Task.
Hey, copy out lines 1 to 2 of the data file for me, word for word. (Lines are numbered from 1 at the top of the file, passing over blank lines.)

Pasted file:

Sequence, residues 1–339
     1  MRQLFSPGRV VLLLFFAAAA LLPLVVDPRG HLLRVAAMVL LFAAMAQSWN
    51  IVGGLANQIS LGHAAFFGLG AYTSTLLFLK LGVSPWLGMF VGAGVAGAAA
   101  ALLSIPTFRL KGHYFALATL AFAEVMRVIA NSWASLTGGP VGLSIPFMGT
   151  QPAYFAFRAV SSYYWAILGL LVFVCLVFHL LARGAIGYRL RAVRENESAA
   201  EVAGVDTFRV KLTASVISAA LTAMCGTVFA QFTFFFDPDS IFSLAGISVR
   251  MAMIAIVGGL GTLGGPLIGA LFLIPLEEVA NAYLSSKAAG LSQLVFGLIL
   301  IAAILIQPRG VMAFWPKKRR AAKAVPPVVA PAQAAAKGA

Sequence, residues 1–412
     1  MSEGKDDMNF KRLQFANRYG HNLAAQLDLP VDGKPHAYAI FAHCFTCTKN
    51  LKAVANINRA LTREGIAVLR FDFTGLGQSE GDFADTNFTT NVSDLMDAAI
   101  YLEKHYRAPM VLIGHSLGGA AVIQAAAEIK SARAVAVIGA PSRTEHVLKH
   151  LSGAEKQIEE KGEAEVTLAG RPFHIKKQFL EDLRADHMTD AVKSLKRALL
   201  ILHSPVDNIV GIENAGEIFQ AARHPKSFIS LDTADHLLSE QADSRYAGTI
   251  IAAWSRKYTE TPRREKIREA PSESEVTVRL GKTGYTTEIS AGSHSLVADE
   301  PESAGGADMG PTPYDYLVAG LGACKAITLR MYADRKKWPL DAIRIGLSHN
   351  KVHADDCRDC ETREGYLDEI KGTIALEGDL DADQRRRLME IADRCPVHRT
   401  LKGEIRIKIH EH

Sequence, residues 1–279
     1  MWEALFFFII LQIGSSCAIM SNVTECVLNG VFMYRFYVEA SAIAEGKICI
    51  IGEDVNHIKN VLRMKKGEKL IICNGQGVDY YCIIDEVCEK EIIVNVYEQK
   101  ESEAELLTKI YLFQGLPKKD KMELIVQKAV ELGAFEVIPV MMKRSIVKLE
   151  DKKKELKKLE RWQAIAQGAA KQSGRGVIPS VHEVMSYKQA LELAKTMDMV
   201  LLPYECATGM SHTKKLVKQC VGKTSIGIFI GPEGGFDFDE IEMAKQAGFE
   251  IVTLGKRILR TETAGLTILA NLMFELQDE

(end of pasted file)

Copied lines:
Sequence, residues 1–339
     1  MRQLFSPGRV VLLLFFAAAA LLPLVVDPRG HLLRVAAMVL LFAAMAQSWN